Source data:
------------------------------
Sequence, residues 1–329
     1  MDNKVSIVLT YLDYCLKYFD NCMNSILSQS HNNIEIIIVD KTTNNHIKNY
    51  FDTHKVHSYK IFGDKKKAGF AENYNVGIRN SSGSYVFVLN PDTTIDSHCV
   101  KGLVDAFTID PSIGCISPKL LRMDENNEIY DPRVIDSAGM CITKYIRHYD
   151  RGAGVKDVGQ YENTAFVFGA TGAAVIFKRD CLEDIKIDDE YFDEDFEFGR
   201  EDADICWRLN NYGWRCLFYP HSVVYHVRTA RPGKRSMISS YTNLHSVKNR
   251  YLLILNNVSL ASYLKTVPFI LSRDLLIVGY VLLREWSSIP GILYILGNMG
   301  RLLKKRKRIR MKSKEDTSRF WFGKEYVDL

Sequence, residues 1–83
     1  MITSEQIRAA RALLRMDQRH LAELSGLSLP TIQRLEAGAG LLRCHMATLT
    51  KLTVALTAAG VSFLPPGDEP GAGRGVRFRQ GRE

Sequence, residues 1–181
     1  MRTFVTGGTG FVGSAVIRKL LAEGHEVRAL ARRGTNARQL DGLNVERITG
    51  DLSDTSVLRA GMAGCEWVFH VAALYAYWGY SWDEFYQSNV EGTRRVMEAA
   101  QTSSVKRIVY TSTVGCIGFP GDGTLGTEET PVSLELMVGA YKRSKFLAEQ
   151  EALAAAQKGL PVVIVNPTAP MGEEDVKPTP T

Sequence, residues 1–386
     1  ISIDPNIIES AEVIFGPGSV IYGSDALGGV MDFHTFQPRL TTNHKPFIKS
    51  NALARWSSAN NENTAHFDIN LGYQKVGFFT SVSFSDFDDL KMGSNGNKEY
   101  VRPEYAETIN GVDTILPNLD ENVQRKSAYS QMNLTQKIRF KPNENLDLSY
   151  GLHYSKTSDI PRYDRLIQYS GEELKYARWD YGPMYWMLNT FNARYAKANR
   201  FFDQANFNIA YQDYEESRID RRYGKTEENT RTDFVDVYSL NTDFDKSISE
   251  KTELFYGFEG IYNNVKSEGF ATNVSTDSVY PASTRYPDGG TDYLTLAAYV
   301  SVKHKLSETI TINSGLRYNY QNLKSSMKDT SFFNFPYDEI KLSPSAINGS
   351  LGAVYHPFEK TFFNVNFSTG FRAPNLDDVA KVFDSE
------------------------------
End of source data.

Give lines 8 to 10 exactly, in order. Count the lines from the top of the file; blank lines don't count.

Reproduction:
   301  RLLKKRKRIR MKSKEDTSRF WFGKEYVDL

Sequence, residues 1–83
     1  MITSEQIRAA RALLRMDQRH LAELSGLSLP TIQRLEAGAG LLRCHMATLT